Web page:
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In issue 315 -
Security – with crime on the increase we must keep our wits about us. By Tony Edwards
In issue 315 -
Paradise Park – fifty-one years after it was founded. By Rosemary Low
In issue 315 -
Avoid Feeding All Types of Cabbage to Parrots. The Holistic Parrot by Leslie Moran
In issue 315 -
Utilise Your Parrot’s Aptitude. Complete Psittacine by Eb Cravens
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Anticipation of Need

Spreads for web 2

by Sally Blanchard

One of the most successful ways to avoid problems with companion parrots is to anticipate what they will need in a specific situation. Knowing what situations lead to negative behaviours and acting to prevent those situations is one of the most successful ways to stop them from happening. I have discussed this concept in just about every consultation that I have done. Usually people think that it is common sense, but haven’t thought about how to use the concept regarding their parrots’ behaviours.

I did a consultation with a woman who was on her third parrot. Her husband didn’t disapprove of her having a parrot, but he was a highly-strung man who had a long commute home in bad traffic. He wanted absolute peace and quiet when he came home. She had already given up two birds because they were so noisy when he came home, even though the birds were happy to see him when he got home. She had been told that Pionus were quiet birds so that was her third bird. Her husband actually enjoyed the parrots except when he got home and was all stressed out.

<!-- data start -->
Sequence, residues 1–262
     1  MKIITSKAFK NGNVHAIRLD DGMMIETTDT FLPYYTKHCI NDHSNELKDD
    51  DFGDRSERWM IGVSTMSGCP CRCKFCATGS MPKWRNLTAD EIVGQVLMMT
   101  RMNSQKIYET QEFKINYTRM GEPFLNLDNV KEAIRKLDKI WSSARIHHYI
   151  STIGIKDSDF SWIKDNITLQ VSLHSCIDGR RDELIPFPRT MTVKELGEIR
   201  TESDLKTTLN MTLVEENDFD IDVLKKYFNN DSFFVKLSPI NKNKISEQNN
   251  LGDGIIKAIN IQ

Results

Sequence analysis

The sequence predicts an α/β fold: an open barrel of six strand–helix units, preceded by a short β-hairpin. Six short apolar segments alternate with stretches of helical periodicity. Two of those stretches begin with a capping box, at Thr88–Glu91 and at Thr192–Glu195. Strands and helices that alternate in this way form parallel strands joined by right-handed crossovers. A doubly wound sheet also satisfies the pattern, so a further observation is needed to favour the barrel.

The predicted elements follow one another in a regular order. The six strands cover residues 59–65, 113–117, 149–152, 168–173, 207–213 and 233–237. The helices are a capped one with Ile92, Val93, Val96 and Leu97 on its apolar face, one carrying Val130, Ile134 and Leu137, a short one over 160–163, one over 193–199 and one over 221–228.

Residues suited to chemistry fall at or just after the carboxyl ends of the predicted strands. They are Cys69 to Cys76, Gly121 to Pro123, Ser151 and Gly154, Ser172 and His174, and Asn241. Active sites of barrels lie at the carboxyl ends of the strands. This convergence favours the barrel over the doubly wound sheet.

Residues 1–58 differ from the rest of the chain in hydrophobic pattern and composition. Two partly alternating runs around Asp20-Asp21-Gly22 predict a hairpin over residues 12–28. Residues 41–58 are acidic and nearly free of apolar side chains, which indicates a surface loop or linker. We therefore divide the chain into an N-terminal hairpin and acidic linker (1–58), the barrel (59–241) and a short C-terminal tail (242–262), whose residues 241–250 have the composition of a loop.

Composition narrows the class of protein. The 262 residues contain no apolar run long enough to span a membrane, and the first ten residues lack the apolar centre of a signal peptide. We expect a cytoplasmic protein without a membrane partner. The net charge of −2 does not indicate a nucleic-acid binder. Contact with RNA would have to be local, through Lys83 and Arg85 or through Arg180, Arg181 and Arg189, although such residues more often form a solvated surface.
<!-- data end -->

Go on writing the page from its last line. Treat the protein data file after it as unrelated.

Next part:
Parrots are very empathic and the bird matched his energy by becoming noisy. The woman was very upset because she loved her parrots and didn’t want to give another one up. She had called asking me to recommend another species that wasn’t very noisy. Of course, my response was for her to find a stuffed parrot, but as we talked, we discussed a way to keep her parrot and have her husband be OK about it. Parrots have no 'off' switch. She knew that the parrot would be excited when her husband came home and would carry on about it, so we came up with a plan.

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